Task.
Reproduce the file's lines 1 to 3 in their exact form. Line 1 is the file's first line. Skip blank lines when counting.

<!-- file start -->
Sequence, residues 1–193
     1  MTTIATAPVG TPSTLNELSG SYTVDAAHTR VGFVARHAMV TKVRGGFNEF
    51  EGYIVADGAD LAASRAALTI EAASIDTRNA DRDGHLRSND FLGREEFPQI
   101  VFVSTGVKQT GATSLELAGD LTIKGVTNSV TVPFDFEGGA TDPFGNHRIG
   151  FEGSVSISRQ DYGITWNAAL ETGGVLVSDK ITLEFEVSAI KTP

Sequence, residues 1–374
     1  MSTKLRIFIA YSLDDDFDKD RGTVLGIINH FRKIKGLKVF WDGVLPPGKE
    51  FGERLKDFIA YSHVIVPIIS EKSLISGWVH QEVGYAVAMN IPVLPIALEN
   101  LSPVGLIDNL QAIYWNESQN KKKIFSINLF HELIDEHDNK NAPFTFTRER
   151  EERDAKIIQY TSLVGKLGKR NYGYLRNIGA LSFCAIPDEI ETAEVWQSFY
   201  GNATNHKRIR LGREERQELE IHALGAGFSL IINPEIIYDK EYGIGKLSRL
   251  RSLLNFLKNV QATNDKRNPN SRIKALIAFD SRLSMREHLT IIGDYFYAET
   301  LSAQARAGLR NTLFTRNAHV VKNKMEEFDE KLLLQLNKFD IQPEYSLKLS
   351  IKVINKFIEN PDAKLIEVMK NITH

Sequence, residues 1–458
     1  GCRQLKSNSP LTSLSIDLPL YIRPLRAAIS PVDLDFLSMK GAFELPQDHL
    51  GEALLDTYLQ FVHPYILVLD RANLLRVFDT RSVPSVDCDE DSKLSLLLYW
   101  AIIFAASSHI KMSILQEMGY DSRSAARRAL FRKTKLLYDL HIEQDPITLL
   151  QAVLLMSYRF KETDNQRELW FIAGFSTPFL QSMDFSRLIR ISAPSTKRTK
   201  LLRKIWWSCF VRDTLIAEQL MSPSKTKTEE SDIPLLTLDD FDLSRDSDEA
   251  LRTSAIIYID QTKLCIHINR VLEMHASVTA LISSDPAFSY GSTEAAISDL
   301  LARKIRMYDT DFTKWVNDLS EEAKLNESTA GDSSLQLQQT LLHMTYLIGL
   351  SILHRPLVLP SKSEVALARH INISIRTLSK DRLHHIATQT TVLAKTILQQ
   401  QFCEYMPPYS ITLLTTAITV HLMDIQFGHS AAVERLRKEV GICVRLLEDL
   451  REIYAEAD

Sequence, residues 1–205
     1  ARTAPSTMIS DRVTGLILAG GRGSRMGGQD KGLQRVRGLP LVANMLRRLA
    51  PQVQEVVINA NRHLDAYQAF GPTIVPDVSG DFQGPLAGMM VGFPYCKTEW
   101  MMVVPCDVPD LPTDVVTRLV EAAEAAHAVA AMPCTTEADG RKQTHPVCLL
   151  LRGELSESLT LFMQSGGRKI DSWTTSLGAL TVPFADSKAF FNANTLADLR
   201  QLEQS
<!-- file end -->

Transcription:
Sequence, residues 1–193
     1  MTTIATAPVG TPSTLNELSG SYTVDAAHTR VGFVARHAMV TKVRGGFNEF
    51  EGYIVADGAD LAASRAALTI EAASIDTRNA DRDGHLRSND FLGREEFPQI